CHARTS: Greatest Hits
Article properties: CHARTS: Greatest Hits
|Charts - Greatest Hits CD 1|
|02||All Because Of Love|
|03||Why Do You Cry|
|05||I Told You So|
|07||You're The Reason|
|08||I've Been Wondering|
|09||Baby Be Mine|
Naming their group after the listings that they wanted to climb actually worked for The Charts. Their debut single, Deserie, actually became a national hit.
Yet another quintet from Harlem (around 115th and Lenox) ranging in age from 13 to 17 when they coalesced in 1956, lead tenor Joe Grier, tenors Steven Brown and Glenmore Jackson, baritone Leroy Binns, and bass Ross Buford started out as The Thrilltones. They asked Empires lead singer Les Cooper to be their manager. He turned thumbs down on their name, and The Charts were officially born. Cooper brought his protégés to see Danny Robinson, younger brother of label owner Bobby Robinson; Danny had his own Holiday label, and was launching a new subsidiary, Everlast Records. The Charts would be the stars of Everlast's inaugural single.
Cooper and Robinson A&R associate Clarence Johnson were credited with penning the yearning ballad Deserie (Johnson had also been in on penning The Bop-Chords' Castle In The Sky on Holiday, which is on our previous compilation). It's a sublime piece of New York street corner doo-wop, the 17-year-old Grier's falsetto intro drifting over a meandering rhythm section before he pledges eternal devotion to his girl. Paired with the rocking Zoop, another Cooper/Johnson copyright, Deserie came out in May of '57. It dented 'Billboard's' pop hit parade twice, first in July and again in October, peaking at #88. The Charts were on the charts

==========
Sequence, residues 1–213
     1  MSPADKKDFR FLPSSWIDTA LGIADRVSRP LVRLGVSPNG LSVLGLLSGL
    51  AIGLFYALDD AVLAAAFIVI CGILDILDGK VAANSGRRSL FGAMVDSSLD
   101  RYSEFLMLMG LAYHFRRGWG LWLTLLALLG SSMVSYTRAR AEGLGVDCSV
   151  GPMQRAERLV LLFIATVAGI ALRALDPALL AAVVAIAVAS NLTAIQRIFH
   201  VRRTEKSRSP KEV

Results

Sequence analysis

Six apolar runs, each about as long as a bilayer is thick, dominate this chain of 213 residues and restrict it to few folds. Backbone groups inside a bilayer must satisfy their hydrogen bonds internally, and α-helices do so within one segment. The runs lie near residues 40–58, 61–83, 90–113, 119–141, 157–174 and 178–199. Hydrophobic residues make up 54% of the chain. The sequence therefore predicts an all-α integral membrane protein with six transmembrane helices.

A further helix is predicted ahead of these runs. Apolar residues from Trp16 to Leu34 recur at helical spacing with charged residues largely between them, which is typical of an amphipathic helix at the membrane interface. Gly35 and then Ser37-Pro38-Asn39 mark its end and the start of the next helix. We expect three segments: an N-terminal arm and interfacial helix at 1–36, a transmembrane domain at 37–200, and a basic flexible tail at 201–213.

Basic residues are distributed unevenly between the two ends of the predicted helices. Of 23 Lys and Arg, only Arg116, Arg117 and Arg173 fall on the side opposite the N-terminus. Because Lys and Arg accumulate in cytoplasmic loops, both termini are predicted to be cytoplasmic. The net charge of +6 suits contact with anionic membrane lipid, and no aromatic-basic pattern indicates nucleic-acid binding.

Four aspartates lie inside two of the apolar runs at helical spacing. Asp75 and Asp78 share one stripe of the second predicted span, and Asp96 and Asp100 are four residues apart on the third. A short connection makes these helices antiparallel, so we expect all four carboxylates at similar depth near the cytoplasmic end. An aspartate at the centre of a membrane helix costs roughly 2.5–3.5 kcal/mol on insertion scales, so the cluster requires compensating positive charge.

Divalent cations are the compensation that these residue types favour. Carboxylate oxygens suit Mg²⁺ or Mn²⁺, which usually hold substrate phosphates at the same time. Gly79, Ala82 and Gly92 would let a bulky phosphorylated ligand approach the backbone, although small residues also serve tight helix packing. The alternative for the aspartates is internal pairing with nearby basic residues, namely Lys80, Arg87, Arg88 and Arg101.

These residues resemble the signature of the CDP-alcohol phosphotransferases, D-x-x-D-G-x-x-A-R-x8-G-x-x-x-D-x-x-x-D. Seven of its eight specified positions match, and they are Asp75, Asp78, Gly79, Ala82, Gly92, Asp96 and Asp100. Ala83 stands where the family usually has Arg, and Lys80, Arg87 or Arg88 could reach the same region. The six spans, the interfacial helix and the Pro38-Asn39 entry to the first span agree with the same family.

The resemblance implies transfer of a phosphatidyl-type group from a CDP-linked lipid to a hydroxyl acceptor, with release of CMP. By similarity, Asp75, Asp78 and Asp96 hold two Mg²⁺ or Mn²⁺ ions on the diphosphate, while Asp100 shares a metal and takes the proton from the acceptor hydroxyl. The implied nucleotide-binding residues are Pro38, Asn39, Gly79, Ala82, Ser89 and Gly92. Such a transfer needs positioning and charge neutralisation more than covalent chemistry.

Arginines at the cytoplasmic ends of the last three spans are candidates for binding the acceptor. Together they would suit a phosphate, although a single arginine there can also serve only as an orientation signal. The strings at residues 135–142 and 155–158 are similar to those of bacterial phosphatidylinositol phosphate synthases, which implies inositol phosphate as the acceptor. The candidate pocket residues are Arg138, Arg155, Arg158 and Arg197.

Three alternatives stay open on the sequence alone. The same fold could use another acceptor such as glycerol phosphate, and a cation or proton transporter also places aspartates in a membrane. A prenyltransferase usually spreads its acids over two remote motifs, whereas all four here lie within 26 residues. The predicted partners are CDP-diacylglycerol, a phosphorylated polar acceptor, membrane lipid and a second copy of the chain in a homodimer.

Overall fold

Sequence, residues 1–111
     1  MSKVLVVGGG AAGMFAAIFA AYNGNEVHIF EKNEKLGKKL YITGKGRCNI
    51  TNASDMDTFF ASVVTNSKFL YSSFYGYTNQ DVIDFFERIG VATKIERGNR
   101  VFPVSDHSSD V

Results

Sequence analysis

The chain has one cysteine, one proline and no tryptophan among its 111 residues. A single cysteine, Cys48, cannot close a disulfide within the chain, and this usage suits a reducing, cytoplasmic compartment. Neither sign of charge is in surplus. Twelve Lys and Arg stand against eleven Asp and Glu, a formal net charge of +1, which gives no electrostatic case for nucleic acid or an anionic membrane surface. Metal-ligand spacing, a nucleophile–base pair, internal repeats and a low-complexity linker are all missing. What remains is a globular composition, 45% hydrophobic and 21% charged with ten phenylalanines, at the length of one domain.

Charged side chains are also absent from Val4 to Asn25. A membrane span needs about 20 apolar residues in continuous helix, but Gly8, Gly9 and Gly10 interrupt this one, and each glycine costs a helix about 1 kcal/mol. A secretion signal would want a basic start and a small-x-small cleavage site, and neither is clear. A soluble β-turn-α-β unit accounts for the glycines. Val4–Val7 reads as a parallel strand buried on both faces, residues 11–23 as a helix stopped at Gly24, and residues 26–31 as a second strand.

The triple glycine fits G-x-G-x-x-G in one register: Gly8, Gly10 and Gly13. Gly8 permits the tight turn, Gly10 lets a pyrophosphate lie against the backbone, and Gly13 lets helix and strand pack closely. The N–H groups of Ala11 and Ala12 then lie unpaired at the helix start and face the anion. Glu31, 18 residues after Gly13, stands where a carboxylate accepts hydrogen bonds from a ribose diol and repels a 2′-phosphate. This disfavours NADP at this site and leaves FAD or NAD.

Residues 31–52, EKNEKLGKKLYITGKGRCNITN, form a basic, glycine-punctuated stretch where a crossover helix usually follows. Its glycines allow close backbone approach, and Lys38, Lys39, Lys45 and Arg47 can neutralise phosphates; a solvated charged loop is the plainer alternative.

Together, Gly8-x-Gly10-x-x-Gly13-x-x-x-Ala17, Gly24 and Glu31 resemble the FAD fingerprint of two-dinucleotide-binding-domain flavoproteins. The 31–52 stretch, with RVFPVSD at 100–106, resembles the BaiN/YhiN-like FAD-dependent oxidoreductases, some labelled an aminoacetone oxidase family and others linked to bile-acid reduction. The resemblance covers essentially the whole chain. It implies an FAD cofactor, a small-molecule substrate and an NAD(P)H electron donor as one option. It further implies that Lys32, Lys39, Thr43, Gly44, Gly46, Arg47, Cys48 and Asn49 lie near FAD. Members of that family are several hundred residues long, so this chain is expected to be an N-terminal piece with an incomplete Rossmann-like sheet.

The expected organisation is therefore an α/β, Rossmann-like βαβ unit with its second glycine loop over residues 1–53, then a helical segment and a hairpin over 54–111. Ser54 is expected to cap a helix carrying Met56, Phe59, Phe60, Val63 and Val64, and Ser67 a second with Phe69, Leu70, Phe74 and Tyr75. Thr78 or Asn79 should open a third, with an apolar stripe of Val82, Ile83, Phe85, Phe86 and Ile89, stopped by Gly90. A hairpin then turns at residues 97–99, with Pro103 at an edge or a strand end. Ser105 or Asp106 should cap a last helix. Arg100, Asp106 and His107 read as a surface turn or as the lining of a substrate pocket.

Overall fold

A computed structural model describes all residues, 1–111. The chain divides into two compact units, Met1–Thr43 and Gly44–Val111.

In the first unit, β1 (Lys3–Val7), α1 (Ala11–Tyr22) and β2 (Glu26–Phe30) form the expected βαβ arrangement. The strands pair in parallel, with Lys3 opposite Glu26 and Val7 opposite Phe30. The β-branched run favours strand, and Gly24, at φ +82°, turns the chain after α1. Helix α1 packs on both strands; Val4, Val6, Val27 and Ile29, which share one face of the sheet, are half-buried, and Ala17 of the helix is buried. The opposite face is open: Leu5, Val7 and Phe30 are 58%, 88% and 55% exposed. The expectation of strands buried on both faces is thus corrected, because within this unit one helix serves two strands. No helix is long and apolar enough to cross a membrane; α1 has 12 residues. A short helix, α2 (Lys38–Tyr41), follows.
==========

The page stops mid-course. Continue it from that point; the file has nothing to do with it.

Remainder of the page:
The Charts' Everlast encore, coupling the ballad Why Do You Cry (opening with a falsetto blast similar to that on Deserie) and Cooper's rollicking Dance Girl, didn't restore the group to their namesake surveys. Neither did the atmospheric ballad You're The Reason b/w the bopping I've Been Wondering in the spring of '58, nor a calypso-tinged All Because Of Love b/w the storming I Told You So or a Deserie-sounding My Diane b/w the upbeat Baby Be Mine, all out before year's end.
Grier joined the Army in 1958 (he'd take up the tenor sax and contribute a barrage of yakety licks to Wiggle Wobble, Cooper's '62 hit instrumental for Everlast). Binns and Brown kept The Charts going with new members. They updated Deserie for Wand in 1966 and ventured in more of a soul direction on Livin' The Nightlife.
- Bill Dahl -
Various Street - Corner Symphonies 1957 Vol.9
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